Locus of control has been implicated in a wide variety of career and vocational behaviors. Spector (1988) developed the Work Locus of Control Scale as a measure of generalized control in work settings. More recently, researchers have suggested that the work locus of control may act as a strong mediating variable in job stress and strain (Spector & O'Connell, 1994). Locus of control has also been related to attitude toward work and client participation in vocational rehabilitation for individuals with industrial injuries (Duvdevany & Rimmerman, 1996).
Purpose of this Research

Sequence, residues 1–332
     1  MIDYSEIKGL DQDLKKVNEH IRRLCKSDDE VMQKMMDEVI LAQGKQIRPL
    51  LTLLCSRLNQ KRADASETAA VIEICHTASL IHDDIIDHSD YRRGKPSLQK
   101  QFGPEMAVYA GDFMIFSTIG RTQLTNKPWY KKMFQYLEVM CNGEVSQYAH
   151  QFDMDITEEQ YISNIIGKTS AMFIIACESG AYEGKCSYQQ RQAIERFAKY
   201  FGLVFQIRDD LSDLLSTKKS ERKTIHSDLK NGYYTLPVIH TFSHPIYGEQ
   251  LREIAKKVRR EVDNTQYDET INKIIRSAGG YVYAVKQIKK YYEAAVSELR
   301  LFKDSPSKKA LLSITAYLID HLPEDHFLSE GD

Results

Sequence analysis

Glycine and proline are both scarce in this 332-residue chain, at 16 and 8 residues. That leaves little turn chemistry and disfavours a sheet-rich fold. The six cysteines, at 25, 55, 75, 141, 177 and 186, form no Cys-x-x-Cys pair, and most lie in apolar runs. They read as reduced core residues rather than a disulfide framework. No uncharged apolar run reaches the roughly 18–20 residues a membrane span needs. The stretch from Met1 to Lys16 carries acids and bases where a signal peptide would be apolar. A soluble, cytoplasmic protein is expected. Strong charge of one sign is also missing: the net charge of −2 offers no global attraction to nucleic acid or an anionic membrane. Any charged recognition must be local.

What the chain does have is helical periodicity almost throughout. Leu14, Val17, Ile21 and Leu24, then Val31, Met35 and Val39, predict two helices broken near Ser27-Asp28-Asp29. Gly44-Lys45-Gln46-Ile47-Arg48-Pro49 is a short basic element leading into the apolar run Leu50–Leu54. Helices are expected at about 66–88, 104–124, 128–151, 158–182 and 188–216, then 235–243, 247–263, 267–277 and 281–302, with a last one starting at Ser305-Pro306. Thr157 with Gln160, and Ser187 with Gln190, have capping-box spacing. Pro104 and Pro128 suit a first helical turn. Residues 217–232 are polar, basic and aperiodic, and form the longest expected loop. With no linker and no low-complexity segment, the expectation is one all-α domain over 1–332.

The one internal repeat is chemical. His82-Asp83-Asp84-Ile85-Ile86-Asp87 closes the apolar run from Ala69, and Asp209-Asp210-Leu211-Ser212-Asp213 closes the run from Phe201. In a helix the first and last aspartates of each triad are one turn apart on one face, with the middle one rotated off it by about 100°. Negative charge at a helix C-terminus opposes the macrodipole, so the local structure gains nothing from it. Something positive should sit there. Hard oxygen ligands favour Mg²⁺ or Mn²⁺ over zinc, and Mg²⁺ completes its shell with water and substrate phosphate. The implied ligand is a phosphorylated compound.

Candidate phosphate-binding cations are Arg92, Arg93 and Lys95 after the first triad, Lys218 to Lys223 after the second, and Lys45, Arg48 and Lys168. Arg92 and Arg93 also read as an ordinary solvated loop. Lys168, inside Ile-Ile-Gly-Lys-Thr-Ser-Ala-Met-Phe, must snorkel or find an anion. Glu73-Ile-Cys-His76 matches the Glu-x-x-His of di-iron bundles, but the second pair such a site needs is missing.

Hershenson suggests work adjustment consists of an interaction among the three domains of the individual (work personality, work competencies, and work goals) and their work environment. An individual develops the three domains sequentially with each domain having a reciprocal effect on the other two domains. Therefore, the process of work adjustment can be viewed as a dynamic process in which each of the domains can only develop to a level that is supported by the preceding domain (Szymanski & Hershenson, 1998). In addition, the three domains of the individual directly impact the three components of work adjustment, task performance, work role behavior, and work satisfaction. Specifically, Hershenson hypothesized that an individual's task performance is directly affected and supported by the individual's work personality and work competencies. It is the relationship between an individual's work personality and work competencies that is the specific focus of this research. Specifically, the reciprocal effect between work personality and work competency would appear to be critical in that the family is the primary source of work personality development and that the formal education process is the primary source of work competency development. We believe that through counseling, the process of recreating an educational environment, which enhances work competencies, is more readily accomplished than recreating the family and trying to build work personality. If there is a reciprocating effect, work competencies could then be the point of intervention, with the knowledge that there is a reciprocal impact on work personality. In this research, we operationalized work competency as locus of control and job readiness self-efficacy because they appear to be linked to effective task performance that is theoretically related to work personality and work competency. Therefore, individuals with well-developed work personality are hypothesized to report higher levels of job readiness self-efficacy and more internalized work locus of control.